Patient flow and cost
The design of eye care services influences the ongoing operational expenses and the resources (including the costs of investing in these resources) required to deliver them. This is just as true at a hospital as it is, for example, in a district eye programme.
District eye programmes
Here, approximately 80% of the needs for eye care services are relatively simple, such as refractive errors or cataract surgery. The remaining 20% is made up of more complex surgical interventions (including retinal or vitreous surgery, for example).
When an eye programme is well designed and well managed, solutions for simple needs (80%) can be delivered close to communities, with minimal investment and cost both to the patient and the provider.
Staff at this ‘primary’ or ‘community’ level can be trained both to meet these simple needs and to recognise the 20% of patients that must be referred. The equipment required would be the minimum needed for an eye examination, and the services provided should include refractive error correction and first-level treatment of ocular infections and injuries.
When such services are not available locally, however, the only option for patients is to go to the secondary (district or provincial) hospital or to a tertiary care facility. Then the cost goes up enormously, for both patients and providers. These centres of higher levels of care would then, for the most part, be treating conditions for which they are over-designed. They would be providing the same services with similar outcomes as in primary eye care centres, but at a significantly higher cost.
Where eye care is delivered, and by whom, has a significant impact on resources and associated costs.
At the hospital
In a hospital setting the following factors significantly affect cost:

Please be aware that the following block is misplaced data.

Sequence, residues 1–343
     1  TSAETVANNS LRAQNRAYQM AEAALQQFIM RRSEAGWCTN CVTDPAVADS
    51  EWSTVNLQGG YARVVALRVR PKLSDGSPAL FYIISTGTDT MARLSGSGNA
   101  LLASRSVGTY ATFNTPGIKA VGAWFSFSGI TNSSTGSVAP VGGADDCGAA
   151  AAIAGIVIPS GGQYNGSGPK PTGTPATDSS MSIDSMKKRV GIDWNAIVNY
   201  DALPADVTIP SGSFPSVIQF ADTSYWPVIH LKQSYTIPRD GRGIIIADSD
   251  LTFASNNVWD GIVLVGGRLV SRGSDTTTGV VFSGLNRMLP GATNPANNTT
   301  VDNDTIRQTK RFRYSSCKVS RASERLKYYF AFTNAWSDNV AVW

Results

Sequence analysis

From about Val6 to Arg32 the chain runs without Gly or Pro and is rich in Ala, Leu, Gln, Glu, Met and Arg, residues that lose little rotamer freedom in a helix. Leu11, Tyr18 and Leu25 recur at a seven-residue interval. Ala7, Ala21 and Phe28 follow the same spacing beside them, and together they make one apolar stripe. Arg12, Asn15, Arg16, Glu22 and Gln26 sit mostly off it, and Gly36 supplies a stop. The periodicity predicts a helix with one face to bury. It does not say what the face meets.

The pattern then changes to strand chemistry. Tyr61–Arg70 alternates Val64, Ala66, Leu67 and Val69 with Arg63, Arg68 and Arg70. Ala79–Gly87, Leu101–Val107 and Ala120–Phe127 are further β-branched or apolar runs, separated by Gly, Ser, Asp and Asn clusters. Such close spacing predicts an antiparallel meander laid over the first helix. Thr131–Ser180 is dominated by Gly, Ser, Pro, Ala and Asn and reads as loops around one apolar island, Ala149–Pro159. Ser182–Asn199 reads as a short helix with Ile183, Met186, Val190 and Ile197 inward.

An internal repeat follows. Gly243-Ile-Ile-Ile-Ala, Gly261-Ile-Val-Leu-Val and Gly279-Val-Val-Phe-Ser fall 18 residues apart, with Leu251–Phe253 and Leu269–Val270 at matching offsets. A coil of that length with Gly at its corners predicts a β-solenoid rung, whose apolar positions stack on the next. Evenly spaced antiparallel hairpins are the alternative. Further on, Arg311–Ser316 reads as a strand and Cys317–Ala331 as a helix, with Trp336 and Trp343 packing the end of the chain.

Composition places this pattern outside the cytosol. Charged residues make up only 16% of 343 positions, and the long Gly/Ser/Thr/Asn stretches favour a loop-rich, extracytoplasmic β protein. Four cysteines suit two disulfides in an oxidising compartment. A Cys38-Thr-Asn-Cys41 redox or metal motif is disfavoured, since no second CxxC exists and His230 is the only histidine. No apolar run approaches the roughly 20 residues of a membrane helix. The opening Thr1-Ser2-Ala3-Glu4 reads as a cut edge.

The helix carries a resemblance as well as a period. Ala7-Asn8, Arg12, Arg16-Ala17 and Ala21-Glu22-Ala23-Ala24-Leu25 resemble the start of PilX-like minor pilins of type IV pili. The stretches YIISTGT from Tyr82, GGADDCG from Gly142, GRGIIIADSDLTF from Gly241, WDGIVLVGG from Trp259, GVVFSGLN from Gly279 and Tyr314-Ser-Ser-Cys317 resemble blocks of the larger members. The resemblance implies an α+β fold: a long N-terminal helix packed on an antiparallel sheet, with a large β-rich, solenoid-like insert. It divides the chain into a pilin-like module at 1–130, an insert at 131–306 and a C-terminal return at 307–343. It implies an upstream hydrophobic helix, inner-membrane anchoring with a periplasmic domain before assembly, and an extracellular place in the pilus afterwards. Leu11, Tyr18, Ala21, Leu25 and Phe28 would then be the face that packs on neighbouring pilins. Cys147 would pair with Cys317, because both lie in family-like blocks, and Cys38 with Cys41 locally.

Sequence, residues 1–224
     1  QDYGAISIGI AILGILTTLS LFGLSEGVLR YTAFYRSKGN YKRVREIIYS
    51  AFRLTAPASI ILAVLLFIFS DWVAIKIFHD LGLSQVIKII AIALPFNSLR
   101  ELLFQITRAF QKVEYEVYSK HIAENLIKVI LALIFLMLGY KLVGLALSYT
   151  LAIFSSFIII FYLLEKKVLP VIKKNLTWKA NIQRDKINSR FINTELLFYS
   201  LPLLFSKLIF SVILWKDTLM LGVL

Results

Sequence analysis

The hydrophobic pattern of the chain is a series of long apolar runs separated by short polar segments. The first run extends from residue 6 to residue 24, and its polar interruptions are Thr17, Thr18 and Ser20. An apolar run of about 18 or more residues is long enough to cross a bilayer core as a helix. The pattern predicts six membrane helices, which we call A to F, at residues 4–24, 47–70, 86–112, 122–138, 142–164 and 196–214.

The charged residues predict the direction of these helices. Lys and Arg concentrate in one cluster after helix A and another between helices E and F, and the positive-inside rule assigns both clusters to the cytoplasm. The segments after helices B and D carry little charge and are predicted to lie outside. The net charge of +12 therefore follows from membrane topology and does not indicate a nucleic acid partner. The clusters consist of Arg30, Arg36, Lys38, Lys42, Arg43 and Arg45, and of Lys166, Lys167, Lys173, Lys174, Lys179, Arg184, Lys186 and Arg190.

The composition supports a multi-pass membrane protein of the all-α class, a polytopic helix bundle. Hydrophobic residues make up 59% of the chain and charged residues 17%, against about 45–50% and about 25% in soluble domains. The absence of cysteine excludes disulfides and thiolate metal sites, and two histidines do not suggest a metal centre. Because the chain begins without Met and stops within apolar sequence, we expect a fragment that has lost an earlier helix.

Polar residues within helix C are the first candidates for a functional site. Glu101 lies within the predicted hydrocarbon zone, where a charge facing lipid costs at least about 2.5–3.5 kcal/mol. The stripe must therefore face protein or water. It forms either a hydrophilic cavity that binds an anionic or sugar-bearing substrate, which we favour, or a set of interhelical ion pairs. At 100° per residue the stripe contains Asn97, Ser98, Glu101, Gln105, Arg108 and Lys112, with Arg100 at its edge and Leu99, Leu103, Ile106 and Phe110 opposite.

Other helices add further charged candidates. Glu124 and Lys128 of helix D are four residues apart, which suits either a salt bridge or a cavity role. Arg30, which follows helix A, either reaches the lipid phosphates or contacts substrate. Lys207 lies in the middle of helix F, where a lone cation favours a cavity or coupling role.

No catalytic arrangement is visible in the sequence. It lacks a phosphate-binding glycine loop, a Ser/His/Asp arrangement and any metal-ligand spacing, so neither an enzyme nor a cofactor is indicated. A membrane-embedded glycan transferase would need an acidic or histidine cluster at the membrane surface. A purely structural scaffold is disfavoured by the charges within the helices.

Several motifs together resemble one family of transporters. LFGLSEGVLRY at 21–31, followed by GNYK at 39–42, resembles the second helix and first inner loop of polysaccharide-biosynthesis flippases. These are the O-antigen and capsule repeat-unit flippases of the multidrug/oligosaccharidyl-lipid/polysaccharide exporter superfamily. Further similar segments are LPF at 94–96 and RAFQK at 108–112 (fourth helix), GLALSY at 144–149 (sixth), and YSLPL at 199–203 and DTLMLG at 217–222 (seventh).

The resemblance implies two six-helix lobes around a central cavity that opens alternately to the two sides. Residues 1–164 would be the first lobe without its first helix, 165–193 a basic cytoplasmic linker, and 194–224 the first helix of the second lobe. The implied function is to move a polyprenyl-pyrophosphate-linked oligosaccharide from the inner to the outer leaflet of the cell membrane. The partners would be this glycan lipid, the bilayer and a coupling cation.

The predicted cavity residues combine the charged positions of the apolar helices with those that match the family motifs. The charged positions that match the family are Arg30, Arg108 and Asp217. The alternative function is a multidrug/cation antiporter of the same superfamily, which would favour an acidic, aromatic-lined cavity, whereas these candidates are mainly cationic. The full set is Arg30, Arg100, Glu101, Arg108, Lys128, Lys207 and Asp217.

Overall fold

Clinical protocol (including routine investigations)
- Who does what in the protocol
- Internal policy on patient flow and how different stages of care are managed.
This is best illustrated by considering two different scenarios involving a patient requiring cataract surgery.
- A patient presents with severe loss of vision. On determining that cataract surgery is required, the doctor advises the patient to undergo some investigations (lab, ECG, etc.).
- The patient is advised to return on a later date to get the results and to allow the doctor to determine his or her fitness for surgery.
- The patient attends for the appointment and the doctor finds the patient fit for surgery.
- The doctor carries out the pre-operative investigations, such as keratometry and A-Scan, to determine the power of the lens to be implanted.
- The doctor or the hospital gives the patient the date for surgery, which could be several days to several months later.
- The doctor checks whether the required IOL lenses and other surgical consumables are available. If not, he or she orders them.
- The patient comes back on the appointed day for surgery and has the operation.
In this first scenario, the patient ends up making three or four visits to the hospital. Each visit triggers a series of activities such as registration, retrieving the medical record (assuming that one is maintained), repeating some of the investigations or asking the patient to provide the same information again.
The surgeon performed most of the routine clinical and administrative tasks, such as measurements for determining IOL power and ensuring its availability. This involves a lot of duplication in services as the highly paid doctor performs tasks which can be done just as well by a trained technician or manager. All of this translates into significantly higher costs.
This scenario, which also plays out regularly when getting spectacles for refractive errors, for example, illustrates that there could be enormous cost savings if we were able to accomplish much of the treatment cycle in a single visit by having appropriate policies and patient flows, as the next scenario illustrates.
- A patient presents with severe loss of vision. The doctor determines that cataract surgery is required and orders the necessary investigations, as per the hospital protocol.
- All the investigations are carried out by trained technicians, including A-scan and keratometry, and the results are made available immediately.
- While the patient waits, the doctor reviews the findings. The doctor sees the patient again and advises that he or she can be admitted immediately for surgery.
- The hospital manager is responsible for ensuring that there is sufficient stock of a wide range of IOLs and that equipment is maintained regularly and kept in perfect working condition. Everything is therefore already in place for the cataract operation.
- The patient is admitted and operated on. All of this happens during a single visit.
By having a team of well-trained people who support the ophthalmologist in carrying out routine clinical and administrative tasks, costs are saved and the eye unit performs more efficiently, providing good quality care at an affordable price to more patients.